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CTC Bike Tour Leader in India Days 4 and 5

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Starting with loads of examples of leading, managing the group and dealing with incidents out on the road set the group up to practise these options and get feedback. All great fun and really positive learning.
Chinese fishing nets in Kochi.
The only location outside of China where Chinese fishing nets are used

Examples of leading day

Reached the Chinese fishing nets and the main square of Fort Cochin. Looked out to the sea and in the 400m gap between us and the mainland were a pod of dolphins feeding. Swimming gently against the tide they were hardly moving relative to us.  The pod was pretty big - and spread almost from side to side. After a short while of watching, a few popped up only about 50m from us curving over as they dived.  Quite a special sight.

Spice shop and Indian cycleWhat I learned today:

It can take over 90 minutes to have breakfast, 80 minutes of which is waiting.  A relaxed atmosphere is one way of putting it!

Leader practical ride day

The vagaries of cultures came to the fore today.  As learning is going on for most in the UK system, there are indicators of understanding: facial expressions, head nodding, questioning.  These are much less used in other cultures.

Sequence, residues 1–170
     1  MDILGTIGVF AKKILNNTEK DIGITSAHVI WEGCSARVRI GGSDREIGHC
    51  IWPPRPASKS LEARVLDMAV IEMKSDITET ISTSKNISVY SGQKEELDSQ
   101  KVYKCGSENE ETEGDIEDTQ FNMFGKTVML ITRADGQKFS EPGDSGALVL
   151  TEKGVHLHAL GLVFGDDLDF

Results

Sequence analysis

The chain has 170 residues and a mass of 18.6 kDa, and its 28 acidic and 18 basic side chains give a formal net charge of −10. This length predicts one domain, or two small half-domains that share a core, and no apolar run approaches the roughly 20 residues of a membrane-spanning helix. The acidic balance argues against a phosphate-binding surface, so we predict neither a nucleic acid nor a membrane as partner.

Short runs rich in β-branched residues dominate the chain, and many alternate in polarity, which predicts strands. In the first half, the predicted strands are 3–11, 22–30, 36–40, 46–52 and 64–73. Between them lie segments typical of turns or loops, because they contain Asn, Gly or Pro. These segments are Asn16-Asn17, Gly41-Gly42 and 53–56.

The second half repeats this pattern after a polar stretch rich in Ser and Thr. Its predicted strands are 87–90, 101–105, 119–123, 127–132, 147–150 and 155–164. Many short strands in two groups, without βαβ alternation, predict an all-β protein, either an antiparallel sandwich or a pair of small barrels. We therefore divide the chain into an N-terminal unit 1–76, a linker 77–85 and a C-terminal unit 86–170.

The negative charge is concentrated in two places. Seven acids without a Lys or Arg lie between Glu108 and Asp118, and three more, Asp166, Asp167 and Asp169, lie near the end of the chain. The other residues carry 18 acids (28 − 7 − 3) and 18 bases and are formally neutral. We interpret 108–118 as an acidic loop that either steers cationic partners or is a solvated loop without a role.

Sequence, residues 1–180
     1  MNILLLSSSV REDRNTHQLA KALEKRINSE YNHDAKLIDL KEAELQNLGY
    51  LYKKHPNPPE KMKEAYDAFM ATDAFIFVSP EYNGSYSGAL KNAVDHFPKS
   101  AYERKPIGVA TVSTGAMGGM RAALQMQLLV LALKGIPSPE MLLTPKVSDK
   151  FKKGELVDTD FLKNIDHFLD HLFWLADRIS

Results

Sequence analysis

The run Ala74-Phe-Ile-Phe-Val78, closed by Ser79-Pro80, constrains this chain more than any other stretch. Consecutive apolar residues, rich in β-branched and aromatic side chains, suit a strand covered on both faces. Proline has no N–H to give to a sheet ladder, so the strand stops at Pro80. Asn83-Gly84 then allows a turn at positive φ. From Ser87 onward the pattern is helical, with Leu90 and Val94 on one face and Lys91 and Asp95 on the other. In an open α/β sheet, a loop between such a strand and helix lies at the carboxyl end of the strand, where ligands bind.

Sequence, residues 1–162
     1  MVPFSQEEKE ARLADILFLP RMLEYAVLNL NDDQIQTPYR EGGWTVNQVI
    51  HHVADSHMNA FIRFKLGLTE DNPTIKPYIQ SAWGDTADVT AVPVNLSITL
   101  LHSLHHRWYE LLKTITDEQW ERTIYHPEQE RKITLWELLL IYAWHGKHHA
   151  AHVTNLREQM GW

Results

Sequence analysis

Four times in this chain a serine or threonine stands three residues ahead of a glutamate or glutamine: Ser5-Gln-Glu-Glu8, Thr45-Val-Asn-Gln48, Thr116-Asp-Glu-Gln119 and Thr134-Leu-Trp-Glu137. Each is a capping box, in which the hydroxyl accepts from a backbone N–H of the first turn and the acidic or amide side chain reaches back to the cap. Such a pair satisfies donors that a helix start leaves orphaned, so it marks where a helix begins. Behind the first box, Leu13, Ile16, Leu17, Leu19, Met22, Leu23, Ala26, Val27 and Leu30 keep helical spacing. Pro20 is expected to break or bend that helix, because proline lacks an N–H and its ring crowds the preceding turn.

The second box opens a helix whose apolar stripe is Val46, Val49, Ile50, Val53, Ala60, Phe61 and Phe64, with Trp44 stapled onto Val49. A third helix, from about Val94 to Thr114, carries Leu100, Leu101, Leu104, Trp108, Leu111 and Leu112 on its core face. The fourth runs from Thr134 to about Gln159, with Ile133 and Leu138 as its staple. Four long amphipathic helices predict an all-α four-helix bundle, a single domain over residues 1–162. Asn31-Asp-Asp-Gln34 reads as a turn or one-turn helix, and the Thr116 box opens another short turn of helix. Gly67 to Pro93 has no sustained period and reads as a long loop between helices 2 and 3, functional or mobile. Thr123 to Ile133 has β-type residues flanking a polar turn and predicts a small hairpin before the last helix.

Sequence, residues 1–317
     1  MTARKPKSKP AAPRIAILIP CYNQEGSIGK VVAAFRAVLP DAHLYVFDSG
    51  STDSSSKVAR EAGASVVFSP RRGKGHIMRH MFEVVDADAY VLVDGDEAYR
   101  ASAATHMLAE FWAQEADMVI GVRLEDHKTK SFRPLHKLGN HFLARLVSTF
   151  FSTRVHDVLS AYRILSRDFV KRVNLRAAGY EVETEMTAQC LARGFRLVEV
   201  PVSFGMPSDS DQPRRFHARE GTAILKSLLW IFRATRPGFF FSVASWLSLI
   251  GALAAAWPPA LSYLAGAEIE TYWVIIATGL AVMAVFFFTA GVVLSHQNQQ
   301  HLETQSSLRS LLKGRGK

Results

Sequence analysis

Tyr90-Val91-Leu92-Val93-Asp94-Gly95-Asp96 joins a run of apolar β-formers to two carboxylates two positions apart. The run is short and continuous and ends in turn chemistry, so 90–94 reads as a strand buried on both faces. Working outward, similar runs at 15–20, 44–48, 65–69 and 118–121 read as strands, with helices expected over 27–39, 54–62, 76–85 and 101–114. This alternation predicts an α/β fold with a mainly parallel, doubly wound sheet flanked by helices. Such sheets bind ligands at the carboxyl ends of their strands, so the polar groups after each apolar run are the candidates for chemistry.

Of course, Olly and I were reassured that information was being absorbed through evaluating responses to questions and trainees asking deeper questions, however, it is always good to see our expectations being fulfilled.

The trainees all did really well today.  We had to gain an additional section to enable one trainee another opportunity to lead.  He had been first up, and was full of nerves with cultural differentials also influencing his delivery.  Second time around, with the benefit of seeing others guiding and a better understanding of how the course tutors support and help evaluate deliveries, he did a great job.  It really hit home to the trainees how much they had learned through the day, observing and feeding back to each other.  A great example of learning capital.

There’s a big difference between some people's expectations of an assessor standing there ticking boxes and expecting perfection and the way CTC trainers work.  Of course, we need trainees to show competency, but there are so many ways to evidence this.  We pride ourselves on assessing so discreetly that trainees aren’t even aware they are being verified – especially as it has been ongoing since the course started, and everyone has a good understanding of how we work by this stage.

What I learned today:

The people of India have 33 million gods – Sanjey's intro was a revelation!

Links:

Fancy travelling?  Exodus tours run by the guides on this course:

All photos © Dan Cook and Olly Townsend

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